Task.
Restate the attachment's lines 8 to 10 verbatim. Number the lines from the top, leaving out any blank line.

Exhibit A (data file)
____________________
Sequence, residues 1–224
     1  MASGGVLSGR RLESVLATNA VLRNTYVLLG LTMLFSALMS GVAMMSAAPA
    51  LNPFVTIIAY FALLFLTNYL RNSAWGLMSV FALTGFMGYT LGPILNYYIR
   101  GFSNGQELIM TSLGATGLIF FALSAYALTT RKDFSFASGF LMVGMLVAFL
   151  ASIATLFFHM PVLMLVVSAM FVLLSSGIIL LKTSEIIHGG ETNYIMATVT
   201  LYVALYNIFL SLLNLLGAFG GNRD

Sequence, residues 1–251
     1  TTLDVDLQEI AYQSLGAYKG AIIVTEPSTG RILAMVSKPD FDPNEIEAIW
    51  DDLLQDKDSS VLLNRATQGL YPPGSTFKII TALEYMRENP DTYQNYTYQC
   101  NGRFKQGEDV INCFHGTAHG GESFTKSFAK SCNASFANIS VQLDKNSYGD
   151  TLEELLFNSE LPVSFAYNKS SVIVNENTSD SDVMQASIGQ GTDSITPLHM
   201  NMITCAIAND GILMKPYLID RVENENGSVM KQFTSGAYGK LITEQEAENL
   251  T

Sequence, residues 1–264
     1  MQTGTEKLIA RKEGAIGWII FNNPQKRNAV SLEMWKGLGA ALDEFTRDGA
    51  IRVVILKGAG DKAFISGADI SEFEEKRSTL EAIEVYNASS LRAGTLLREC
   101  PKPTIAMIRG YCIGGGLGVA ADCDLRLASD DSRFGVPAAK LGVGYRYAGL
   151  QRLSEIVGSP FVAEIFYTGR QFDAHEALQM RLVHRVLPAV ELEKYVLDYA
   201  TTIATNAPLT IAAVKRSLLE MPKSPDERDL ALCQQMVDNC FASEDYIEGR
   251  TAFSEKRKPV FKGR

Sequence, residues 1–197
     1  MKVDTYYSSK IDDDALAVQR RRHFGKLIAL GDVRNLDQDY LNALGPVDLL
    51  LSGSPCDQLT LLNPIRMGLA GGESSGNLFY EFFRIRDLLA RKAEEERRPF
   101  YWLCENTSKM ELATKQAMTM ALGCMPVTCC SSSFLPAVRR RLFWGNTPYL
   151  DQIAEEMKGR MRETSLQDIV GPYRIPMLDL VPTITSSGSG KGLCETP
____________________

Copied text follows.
     1  TTLDVDLQEI AYQSLGAYKG AIIVTEPSTG RILAMVSKPD FDPNEIEAIW
    51  DDLLQDKDSS VLLNRATQGL YPPGSTFKII TALEYMRENP DTYQNYTYQC
   101  NGRFKQGEDV INCFHGTAHG GESFTKSFAK SCNASFANIS VQLDKNSYGD